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Anger, preoccupied attachment and domain disorganisation in borderline personality disorder

Morse, J. Q., Hill, J., Pilkonis, P. A., Yaggi, K., Broyden, N., Stepp, S. and Feske, U. (2009) Anger, preoccupied attachment and domain disorganisation in borderline personality disorder. Journal of Personality Disorders, 23 (3). pp. 240-257. ISSN 0885-579X

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To link to this item DOI: 10.1521/pedi.2009.23.3.240

Abstract/Summary

Emotional dysregulation and attachment insecurity have been reported in borderline personality disorder (BPD). Domain disorganization, evidenced in poor regulation of emotions and behaviors in relation to the demands of different social domains, may be a distinguishing feature of BPD. Understanding the interplay between these factors may be critical for identifying interacting processes in BPD and potential subtypes of BPD. Therefore, we examined the joint and interactive effects of anger, preoccupied attachment, and domain disorganization on BPD traits in a clinical sample of 128 psychiatric patients. The results suggest that these factors contribute to BPD both independently and in interaction, even when controlling for other personality disorder traits and Axis I symptoms. In regression analyses, the interaction between anger and domain disorganization predicted BPD traits. In recursive partitioning analyses, two possible paths to BPD were identified: high anger combined with high domain disorganization and low anger combined with preoccupied attachment. These results may suggest possible subtypes of BPD or possible mechanisms by which BPD traits are established and maintained.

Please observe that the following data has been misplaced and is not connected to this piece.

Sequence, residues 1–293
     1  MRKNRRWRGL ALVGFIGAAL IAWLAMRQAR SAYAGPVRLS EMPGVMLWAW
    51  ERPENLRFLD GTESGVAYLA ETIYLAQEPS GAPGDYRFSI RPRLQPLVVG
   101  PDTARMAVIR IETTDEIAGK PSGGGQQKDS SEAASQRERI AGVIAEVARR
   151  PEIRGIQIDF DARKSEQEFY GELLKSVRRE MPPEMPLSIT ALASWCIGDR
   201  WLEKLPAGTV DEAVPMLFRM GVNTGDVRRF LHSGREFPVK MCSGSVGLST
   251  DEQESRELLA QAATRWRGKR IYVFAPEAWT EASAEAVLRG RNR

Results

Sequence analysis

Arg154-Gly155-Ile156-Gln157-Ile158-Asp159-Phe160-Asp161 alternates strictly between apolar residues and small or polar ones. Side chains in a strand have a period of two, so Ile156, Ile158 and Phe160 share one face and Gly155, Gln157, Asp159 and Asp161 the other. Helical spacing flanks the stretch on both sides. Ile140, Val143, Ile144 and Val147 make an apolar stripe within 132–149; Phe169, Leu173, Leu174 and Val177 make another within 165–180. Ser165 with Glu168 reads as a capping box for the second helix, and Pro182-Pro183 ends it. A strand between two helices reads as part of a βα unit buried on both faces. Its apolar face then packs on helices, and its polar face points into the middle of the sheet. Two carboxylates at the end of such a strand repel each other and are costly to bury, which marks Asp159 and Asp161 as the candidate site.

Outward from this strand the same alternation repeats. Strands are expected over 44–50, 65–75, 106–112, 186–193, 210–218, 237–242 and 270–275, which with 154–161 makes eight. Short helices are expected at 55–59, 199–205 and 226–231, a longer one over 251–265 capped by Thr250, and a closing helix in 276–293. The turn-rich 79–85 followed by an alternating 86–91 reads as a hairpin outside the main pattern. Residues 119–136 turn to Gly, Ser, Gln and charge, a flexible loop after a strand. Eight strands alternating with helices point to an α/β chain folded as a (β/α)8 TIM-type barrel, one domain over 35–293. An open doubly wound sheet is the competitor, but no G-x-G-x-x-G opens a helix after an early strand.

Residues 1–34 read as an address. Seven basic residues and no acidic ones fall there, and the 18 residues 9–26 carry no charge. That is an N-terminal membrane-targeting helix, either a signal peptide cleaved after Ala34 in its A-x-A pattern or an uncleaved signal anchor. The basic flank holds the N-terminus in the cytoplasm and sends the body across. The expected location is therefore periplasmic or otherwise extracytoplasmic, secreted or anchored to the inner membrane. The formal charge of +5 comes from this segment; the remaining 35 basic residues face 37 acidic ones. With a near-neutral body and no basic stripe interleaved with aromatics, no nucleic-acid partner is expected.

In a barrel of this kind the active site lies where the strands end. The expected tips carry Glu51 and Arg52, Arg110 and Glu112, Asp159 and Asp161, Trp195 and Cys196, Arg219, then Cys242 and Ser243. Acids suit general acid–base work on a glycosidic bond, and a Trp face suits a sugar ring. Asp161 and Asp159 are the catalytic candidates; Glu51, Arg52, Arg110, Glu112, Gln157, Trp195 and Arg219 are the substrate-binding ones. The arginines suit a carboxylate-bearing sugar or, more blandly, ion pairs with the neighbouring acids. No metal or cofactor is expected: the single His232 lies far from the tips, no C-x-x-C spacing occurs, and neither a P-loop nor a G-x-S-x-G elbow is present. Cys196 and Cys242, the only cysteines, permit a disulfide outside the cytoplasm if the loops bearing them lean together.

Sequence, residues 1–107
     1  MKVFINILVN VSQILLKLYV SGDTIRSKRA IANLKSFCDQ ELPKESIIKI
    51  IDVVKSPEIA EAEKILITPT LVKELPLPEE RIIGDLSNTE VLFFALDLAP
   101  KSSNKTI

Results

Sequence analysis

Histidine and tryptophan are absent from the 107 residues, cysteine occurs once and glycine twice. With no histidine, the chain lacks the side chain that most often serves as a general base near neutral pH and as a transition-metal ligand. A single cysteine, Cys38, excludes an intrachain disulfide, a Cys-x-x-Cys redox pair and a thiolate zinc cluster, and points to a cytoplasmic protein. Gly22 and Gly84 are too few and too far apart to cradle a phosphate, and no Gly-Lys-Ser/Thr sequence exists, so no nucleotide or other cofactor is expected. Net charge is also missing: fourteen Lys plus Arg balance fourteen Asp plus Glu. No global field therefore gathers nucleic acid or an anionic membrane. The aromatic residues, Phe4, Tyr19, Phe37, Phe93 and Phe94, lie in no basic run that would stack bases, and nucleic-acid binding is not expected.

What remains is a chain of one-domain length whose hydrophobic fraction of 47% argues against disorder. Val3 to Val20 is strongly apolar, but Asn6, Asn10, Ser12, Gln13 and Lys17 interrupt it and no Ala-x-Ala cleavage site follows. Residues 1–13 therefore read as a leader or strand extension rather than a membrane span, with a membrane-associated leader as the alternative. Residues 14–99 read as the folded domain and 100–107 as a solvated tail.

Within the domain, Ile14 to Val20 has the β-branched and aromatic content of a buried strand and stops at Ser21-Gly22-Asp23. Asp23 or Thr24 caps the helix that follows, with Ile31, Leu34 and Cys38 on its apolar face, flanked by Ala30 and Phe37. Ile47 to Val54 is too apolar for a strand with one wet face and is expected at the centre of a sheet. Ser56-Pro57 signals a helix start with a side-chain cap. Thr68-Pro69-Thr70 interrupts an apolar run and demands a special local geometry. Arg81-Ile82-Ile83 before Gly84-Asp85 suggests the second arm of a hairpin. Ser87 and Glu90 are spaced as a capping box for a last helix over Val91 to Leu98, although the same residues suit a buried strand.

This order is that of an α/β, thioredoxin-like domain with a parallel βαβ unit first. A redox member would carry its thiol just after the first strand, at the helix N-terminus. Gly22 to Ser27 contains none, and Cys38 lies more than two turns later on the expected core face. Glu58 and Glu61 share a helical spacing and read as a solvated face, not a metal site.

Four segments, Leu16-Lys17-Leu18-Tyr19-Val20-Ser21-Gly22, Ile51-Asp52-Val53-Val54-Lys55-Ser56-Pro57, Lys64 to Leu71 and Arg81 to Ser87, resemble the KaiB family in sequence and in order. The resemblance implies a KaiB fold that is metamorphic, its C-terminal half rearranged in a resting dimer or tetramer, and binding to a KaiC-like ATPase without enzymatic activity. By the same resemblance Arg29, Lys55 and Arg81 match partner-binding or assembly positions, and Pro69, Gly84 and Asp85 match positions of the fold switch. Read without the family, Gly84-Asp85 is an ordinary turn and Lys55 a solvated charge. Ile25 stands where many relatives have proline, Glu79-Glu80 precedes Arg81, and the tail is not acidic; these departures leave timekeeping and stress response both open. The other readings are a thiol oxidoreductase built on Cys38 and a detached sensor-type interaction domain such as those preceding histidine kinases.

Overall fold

Item Type:Article
Refereed:Yes
Divisions:Faculty of Life Sciences > School of Psychology and Clinical Language Sciences > Department of Psychology
Faculty of Life Sciences > School of Psychology and Clinical Language Sciences > Psychopathology and Affective Neuroscience
ID Code:41827
Publisher:Guilford Press

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